Another first during Green Flag included an Agile Combat Employment event with the 317th AW and the 2nd BW. This encompassed C-130 aircraft transporting inert munitions, aircraft armament equipment, and Airmen from Barksdale AFB to the Arkansas International Airport. The munitions were then unloaded from the C-130 and rapidly rearmed on to the B-52s, demonstrating Air Force Global Strike Command's capability to provide long-range deterrence from remote airfields, threatening adversaries’ key assets and minimizing risk to Air Force personnel.

“This was the first ever Green Flag integration with Global Strike Command, and more particularly the B-52s, where we were able to utilize the C-130J in executing the ACE capabilities,” said Gumapas. “It was a challenge at first because we don’t normally transport this type of cargo. While there was a lot of moving parts in the process, there were many great lessons learned.”

This GFLR provided the B-52s an opportunity to use their hub-and-spoke method of rearmament in an austere environment and to prosecute a target in an operating area, Gumapas continued.

“We were also able to support the U.S. Army with their ground scheme maneuver, on-call air drops, as well as cargo movement into the operating area,” said Gumapas. “Working with our joint force partners, we were able to drop approximately 250 paratroopers throughout the exercise.”

During an on-call air drop, the aircraft pilot will fly into an objective area where the drop zone is unknown, provide a drop zone location in real-time to a joint terminal attack controller, and then drop the individuals into that area.

“As C-130 pilots, loadmasters and support personnel, this exercise was very important for us to learn the processes and procedures from different airframes and different career fields, and improve how we work together in the joint operating environment,” said Gumapas. “This allowed us as the MAF to expand on our multi-capable warfighting capabilities and to get ready for the high-end fight.”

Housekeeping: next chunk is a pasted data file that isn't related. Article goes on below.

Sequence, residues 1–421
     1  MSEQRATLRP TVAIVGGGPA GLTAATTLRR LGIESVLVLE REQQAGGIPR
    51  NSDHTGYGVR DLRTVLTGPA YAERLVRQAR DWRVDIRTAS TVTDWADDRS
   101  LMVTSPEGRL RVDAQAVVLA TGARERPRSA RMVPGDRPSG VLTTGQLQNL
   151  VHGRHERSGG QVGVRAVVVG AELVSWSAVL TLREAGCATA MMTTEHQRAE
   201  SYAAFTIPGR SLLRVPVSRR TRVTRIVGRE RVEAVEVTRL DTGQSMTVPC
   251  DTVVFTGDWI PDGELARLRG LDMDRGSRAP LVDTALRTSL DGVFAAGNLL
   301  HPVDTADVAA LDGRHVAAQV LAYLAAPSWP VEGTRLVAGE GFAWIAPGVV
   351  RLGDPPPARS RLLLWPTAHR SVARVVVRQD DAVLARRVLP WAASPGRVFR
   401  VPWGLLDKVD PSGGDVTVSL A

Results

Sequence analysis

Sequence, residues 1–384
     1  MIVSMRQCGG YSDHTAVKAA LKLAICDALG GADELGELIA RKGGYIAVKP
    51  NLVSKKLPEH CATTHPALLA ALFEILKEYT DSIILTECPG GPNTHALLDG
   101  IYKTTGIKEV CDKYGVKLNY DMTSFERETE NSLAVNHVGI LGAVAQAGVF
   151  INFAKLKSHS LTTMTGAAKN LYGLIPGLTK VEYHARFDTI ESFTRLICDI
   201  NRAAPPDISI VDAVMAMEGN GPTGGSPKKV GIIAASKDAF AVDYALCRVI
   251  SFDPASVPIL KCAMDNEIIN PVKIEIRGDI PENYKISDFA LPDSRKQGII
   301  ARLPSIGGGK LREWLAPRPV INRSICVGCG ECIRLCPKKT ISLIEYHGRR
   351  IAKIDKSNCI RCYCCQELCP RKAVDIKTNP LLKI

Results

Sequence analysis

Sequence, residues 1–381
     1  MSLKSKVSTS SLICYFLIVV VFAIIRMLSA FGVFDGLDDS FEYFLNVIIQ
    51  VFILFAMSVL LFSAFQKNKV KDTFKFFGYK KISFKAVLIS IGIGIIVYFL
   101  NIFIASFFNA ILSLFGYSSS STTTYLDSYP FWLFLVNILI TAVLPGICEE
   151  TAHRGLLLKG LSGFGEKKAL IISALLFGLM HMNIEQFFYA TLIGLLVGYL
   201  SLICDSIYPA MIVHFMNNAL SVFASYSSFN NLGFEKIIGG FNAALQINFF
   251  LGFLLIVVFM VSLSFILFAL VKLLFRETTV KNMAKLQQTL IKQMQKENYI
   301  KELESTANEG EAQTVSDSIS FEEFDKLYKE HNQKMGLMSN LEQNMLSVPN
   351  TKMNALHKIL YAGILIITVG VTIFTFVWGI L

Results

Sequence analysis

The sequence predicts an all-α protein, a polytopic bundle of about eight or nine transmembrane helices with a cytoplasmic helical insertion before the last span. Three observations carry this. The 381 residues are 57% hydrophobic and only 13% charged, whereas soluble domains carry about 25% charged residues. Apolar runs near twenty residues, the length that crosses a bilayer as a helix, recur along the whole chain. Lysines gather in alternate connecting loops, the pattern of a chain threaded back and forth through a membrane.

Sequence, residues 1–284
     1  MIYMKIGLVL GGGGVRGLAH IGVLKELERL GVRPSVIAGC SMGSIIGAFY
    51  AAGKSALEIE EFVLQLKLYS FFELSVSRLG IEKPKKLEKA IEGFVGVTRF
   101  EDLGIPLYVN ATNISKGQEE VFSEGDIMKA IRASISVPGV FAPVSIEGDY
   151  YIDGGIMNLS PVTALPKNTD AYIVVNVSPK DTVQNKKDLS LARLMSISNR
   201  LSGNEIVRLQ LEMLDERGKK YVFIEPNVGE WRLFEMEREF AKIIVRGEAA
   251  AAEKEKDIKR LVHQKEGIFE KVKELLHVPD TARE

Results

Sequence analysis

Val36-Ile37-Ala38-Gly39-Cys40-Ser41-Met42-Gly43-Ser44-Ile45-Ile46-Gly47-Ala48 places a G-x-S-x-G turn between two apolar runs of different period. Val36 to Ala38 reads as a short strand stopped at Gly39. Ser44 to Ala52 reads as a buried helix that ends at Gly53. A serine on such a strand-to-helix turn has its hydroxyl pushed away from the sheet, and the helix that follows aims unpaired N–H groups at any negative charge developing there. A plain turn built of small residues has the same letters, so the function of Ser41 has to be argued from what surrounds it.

Gumapas explained that with the current COVID-19 environment it was important to put certain mitigation procedures in place, but to continue with the exercise.

“Despite COVID-19, we’re still going to operate and we’re still going to sustain the mission,” said Gumapas. “This exercise really allowed us to see how we could implement these safety procedures and still continue on with the fight.”

All of the participants received the opportunity to learn from each other and take that knowledge back to their home-stations, said Gumapas.

No two GFLR exercises are ever the same and they continually challenge warfighting skills, while providing real-world experiences with partners that the participants don’t typically integrate with — eliminating redundancies, which increases effectiveness, solves problems, drives innovation, and achieves success.

“We had a lot of ‘firsts’ in this exercise,” said Erwin. “This Green Flag is paving the road for us to continue to grow. This time we grew outside of the MAF and CAF and we want to continue to grow toward other branches of service.”